For my undergrad I wanted a place where I could feel like I’m home,” Mendoza said. “I can just walk into any building and feel so comfortable and welcomed. The scholarship helps me in a big way. College these days is rigorous and stressful as it is, so having these scholarships helps alleviate that stress and that back-of-the-mind-worry about money.”


A scene from Othello (1603) by William Shakespeare (1564–1616), Meredith Johnson (M.F.A., acting and directing) with Kim Martin-Cotten, director.


After You, Mr. Gershwin! (2004) by Béla Kovács (b. 1937), Dana Sloter, clarinet (D.M.A., clarinet performance) with Professor Dan Velicer, piano.


The Dying Swan (1886) by Camille Saint-Saëns (1835–1921), Michel Fokine, choreographer, with dancers Derrian Simone Davis (B.F.A., dance), Liat Roth (B.F.A., dance) and Ashlyn Zay (B.F.A., dance), Larry Hernandez, cello (Artist’s Certificate, cello), Mary Gossell, piano (D.M.A., piano performance), professor Ronn Tice, faculty coach.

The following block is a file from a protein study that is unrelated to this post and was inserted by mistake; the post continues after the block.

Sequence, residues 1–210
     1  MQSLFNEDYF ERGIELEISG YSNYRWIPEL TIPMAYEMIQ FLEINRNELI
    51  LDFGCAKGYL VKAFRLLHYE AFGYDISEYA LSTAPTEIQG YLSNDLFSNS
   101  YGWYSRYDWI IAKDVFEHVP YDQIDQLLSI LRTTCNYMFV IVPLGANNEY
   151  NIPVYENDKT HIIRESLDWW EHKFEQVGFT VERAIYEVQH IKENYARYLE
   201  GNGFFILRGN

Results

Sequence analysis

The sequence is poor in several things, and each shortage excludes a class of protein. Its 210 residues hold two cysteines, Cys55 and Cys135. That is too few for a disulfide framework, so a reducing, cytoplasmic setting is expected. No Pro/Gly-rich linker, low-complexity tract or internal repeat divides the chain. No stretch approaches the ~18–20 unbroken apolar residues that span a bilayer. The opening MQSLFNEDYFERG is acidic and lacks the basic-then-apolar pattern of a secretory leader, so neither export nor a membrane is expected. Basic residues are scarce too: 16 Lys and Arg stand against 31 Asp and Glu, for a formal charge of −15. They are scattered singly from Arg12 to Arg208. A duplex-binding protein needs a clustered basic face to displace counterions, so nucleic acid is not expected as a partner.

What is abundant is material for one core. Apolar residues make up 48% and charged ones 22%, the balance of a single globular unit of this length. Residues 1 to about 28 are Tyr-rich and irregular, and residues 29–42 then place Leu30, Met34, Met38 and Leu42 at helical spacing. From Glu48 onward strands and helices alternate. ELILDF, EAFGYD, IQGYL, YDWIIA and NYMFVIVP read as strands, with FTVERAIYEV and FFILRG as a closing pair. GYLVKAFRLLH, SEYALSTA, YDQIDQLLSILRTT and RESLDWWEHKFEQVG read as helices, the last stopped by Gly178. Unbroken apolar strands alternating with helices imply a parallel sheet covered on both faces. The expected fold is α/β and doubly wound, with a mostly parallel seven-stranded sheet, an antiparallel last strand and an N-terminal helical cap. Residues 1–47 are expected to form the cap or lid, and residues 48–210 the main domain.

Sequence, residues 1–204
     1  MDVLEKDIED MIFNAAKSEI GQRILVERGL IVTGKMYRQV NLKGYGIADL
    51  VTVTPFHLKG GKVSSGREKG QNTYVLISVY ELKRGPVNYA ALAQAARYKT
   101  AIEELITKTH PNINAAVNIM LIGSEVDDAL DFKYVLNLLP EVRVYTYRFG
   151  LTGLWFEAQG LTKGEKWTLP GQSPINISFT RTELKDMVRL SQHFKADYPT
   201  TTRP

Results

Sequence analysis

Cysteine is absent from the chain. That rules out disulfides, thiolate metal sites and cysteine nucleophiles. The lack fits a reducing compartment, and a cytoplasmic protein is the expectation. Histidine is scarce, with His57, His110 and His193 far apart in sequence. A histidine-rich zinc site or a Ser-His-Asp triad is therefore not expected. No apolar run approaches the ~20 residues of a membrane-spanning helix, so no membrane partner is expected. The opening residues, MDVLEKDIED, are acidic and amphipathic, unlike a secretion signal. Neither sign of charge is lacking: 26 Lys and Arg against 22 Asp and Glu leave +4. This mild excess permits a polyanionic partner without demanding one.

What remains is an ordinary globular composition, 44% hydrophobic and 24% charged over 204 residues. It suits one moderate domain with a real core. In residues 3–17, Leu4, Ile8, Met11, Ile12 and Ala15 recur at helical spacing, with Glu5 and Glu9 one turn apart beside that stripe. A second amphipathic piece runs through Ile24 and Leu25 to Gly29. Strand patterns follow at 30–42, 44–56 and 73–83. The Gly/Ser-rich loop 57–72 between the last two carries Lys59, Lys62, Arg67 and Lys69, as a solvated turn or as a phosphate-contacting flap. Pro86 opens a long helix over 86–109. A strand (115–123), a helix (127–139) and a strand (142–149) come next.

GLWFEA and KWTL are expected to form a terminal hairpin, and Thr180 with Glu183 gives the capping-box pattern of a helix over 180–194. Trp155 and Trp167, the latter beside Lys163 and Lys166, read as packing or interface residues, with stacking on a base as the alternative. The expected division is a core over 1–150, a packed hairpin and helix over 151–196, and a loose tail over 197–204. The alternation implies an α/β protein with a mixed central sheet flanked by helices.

“I think it’s a really difficult time in the world of dance because so much of dance is about connecting with each other and touching each other.” - Dance Student Liat Roth

“So missing that, it’s nice to collaborate with other types of artists, like all of the musicians we have at UMKC,” Roth said.

“I think it’s also nice to just dance with each other because it’s usually a really connected art form,” said dance student Ashlyn Zay. “Even though we can’t touch each other we can still feel each other in the music. I personally love dancing to live music. I just feel like it completely brings it to life. You feel like it’s real and it’s right there in front of you.”

“For me, this was my first time to perform with dancers, so it was really a magical experience,” said dance student Mary Gossell. “I’m also a graduate assistant in collaborative piano and I’m just so grateful to have received this scholarship not only because of the financial benefits, but also it’s giving me a lot of experiences already to work with other musicians and now dancers.”